August 2, 2001
In a letter to the governor, WDC executive director Mike McCabe and Common Cause in Wisconsin executive director Jay Heck wrote that "activities are being carried out that violate state ethics and campaign finance laws" and that "taxpayer money is being horribly misused to pay for this secret, illegal campaigning."
Heck and McCabe said in the letter that the caucuses’ activities have contributed to less competitive state elections and fewer choices at the ballot box for voters. The caucuses also have damaged the legislative process by concentrating too much power in the hands of legislative leaders and thus making rank-and-file lawmakers less responsive to their voting constituents, they said.
They noted in the letter that Governor McCallum supported the abolition of the caucuses when he served in the state legislature and has made public comments since becoming governor calling into question the continued usefulness of the caucuses.
August 1, 2001
Governor Scott McCallum
P.O. Box 7863
Madison, WI 53707
Dear Governor McCallum:
We are writing to ask you to use your partial veto authority to do what the legislature should have done during its budget deliberations - eliminate funding in the budget bill for the four legislative caucuses.
Outstanding investigative reporting has made the public aware of what has long been understood inside the Capitol about the caucuses - that activities are being carried out that violate state ethics and campaign finance laws, and that taxpayer money is being horribly misused to pay for this secret, illegal campaigning.
So damning was the evidence of these abuses that one caucus saw the need to destroy or hide documents being sought by the Wisconsin State Journal, an obvious and outrageous violation of the state’s open records laws.
The caucuses were created to serve a legitimate purpose, and at one time many years ago they more or less confined themselves to those research and policy analysis functions. However, with the expansion of legislators’ personal staffs and the excellent nonpartisan legislative service agencies over the years, the caucuses were rendered obsolete. But instead of abolishing these offices as the legislature should have, they've been reincarnated as nothing but taxpayer-funded campaign headquarters.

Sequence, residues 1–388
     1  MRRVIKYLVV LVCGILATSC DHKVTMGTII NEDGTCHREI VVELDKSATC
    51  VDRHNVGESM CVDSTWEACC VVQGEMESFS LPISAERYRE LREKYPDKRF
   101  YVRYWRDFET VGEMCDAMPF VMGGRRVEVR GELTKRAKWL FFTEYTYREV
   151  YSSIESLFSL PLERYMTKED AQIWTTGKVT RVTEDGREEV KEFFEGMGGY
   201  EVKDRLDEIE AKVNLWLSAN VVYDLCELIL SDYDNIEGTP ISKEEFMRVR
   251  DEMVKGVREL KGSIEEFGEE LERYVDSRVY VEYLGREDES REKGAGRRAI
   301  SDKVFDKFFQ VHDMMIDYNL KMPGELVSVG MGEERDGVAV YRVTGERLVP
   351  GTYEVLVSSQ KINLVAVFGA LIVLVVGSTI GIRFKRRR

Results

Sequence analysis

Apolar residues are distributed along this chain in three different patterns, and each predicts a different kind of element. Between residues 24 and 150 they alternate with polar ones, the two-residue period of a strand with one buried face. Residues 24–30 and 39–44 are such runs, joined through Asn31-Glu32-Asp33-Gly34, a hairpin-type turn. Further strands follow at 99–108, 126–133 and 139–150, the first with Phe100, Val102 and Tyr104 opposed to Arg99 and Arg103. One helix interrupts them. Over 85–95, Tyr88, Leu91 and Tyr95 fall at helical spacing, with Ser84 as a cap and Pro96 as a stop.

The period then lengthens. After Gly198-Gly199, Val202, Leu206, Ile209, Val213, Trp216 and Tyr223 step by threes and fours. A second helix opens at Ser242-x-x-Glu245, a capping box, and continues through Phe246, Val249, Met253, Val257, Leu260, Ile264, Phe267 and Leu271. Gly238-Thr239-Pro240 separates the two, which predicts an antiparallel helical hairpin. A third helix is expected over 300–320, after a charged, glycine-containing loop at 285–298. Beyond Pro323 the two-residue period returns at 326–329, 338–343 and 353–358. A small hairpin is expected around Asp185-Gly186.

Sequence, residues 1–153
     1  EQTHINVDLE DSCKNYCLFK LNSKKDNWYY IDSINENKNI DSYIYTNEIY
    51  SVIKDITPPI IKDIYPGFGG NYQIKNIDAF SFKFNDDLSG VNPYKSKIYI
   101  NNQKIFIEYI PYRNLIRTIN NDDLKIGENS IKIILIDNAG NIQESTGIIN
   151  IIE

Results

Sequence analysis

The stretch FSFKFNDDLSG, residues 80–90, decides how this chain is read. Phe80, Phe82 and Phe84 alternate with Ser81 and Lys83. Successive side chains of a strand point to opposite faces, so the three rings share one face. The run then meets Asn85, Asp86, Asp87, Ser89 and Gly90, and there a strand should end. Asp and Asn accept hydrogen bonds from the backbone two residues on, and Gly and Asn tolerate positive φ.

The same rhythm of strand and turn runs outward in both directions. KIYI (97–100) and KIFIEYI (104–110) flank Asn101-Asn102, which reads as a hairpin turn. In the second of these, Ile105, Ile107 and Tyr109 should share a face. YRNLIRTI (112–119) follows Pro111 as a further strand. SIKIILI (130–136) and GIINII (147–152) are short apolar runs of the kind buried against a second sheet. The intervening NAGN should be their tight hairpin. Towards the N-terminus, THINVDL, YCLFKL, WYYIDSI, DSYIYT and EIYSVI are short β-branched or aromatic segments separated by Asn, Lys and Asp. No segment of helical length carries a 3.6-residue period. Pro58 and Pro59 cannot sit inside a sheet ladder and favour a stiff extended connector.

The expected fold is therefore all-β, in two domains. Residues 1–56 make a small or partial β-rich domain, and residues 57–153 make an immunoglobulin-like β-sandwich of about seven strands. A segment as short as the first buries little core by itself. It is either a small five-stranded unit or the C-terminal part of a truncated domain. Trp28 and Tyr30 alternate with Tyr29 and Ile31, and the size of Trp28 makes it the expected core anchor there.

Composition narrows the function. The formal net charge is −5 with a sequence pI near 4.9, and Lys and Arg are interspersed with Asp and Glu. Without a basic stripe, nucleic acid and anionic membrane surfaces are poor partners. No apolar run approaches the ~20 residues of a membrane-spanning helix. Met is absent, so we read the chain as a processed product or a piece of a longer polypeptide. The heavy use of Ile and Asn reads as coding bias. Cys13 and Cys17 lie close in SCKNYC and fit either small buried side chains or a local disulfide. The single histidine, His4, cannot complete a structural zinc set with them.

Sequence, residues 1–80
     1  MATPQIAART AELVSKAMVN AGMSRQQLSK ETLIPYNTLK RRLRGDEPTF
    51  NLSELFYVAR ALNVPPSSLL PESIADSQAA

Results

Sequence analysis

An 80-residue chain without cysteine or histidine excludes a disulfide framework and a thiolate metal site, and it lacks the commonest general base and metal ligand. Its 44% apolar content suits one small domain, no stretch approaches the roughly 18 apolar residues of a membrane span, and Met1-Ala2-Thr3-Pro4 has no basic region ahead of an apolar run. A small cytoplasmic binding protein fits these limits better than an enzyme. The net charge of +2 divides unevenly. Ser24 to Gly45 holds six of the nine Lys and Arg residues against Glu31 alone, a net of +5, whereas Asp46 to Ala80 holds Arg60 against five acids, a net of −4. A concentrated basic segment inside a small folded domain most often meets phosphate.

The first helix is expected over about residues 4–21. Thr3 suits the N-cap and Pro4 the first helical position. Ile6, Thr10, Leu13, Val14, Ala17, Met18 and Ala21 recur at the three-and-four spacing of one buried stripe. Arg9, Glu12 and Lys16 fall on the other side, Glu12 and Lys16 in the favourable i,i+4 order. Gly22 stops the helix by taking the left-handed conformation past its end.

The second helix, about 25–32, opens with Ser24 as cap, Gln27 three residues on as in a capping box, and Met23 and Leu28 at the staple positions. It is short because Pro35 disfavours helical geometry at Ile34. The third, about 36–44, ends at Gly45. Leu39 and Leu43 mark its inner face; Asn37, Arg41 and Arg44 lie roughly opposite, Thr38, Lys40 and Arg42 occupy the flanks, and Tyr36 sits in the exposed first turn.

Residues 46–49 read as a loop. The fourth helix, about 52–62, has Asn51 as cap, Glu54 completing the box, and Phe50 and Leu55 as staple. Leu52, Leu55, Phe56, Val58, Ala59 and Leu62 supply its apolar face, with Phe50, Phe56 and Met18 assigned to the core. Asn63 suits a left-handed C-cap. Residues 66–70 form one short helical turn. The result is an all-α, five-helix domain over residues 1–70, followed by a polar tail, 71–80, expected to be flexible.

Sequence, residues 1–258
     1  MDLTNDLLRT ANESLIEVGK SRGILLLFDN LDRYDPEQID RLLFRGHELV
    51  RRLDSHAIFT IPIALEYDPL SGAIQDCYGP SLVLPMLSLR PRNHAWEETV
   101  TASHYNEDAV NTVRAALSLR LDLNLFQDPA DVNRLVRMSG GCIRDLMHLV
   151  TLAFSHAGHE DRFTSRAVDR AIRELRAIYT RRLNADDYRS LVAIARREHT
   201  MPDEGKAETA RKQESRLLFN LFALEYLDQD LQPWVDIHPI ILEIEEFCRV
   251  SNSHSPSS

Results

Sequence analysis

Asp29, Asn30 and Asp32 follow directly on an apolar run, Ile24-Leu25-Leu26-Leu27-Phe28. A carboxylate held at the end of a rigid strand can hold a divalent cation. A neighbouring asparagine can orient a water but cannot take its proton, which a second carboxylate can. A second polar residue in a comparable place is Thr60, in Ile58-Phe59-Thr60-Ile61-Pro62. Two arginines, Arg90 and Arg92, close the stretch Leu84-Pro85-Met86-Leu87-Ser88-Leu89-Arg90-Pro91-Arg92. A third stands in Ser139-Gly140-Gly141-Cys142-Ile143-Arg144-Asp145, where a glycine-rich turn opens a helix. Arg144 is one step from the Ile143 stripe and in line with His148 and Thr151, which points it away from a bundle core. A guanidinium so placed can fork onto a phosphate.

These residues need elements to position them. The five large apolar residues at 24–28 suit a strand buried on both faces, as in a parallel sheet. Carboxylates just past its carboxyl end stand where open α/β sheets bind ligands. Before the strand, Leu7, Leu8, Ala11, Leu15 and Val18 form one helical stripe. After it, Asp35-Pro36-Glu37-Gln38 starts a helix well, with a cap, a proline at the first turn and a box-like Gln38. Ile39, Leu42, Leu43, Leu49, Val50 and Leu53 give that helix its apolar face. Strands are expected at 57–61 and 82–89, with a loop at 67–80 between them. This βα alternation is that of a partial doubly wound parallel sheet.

Elimination of the caucuses would save the taxpayers of Wisconsin nearly $8 million over the two years covered in the recently approved budget. A gubernatorial veto would not only be an appropriate response to the overwhelming evidence that taxpayer money is being used to break the law, but also would be an urgently needed response to the daily damage the caucuses are doing to the integrity of the policymaking process in Wisconsin and to the health of our democracy.
Thanks in large part to the caucuses, voters get fewer choices at the ballot box. In 1970, before the caucuses were turned into the taxpayer-funded campaign headquarters they are today, there were no uncontested legislative races in Wisconsin. Every incumbent had at least a major party opponent. In the 2000 elections, 40% of incumbent legislators were unopposed. That’s because these leadership-controlled machines have supplanted local political party organizations. Local parties have an interest in having someone on the ballot in every community to carry the party’s banner, while legislative leaders only care about a handful of battleground districts that will decide who controls the legislature. Caucus resources are allocated accordingly.
Thanks to the caucuses, citizens get less responsive representation. Twenty years ago, Wisconsin had one of the most decentralized legislatures in the country - a legislature full of maverick spirit. Today, we have one of the nation’s most centrally controlled legislatures. That’s because the caucuses give the legislative leaders control over the campaign machinery as well as the purse strings, giving them the ability to hand-pick politicians of their choosing to serve under them in the legislature. No wonder so many citizens are increasingly feeling their elected representatives are more responsive to the powers-that-be in the Capitol than to the communities they were elected to serve.
You supported the abolition of the caucuses during your years in the legislature and have made public comments since becoming governor about how the caucuses have outlived their usefulness. You are now in a position to eliminate these offices through the use of your partial veto power, and we hope you will act in the interest of Wisconsin taxpayers and in the interest of a healthy, vibrant democracy by eliminating funding for the legislative caucuses.
Wisconsin Democracy Campaign
Common Cause in Wisconsin